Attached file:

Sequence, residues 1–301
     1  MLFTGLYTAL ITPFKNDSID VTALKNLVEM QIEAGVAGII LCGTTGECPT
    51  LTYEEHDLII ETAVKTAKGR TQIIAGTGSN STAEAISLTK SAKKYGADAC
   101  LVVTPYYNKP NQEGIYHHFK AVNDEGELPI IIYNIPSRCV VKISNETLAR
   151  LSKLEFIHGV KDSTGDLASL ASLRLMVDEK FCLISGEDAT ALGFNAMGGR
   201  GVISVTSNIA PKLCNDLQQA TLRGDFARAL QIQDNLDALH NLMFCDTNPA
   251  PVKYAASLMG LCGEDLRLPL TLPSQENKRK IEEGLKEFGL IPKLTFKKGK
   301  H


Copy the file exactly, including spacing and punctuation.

Sequence, residues 1–301
     1  MLFTGLYTAL ITPFKNDSID VTALKNLVEM QIEAGVAGII LCGTTGECPT
    51  LTYEEHDLII ETAVKTAKGR TQIIAGTGSN STAEAISLTK SAKKYGADAC
   101  LVVTPYYNKP NQEGIYHHFK AVNDEGELPI IIYNIPSRCV VKISNETLAR
   151  LSKLEFIHGV KDSTGDLASL ASLRLMVDEK FCLISGEDAT ALGFNAMGGR
   201  GVISVTSNIA PKLCNDLQQA TLRGDFARAL QIQDNLDALH NLMFCDTNPA
   251  PVKYAASLMG LCGEDLRLPL TLPSQENKRK IEEGLKEFGL IPKLTFKKGK
   301  H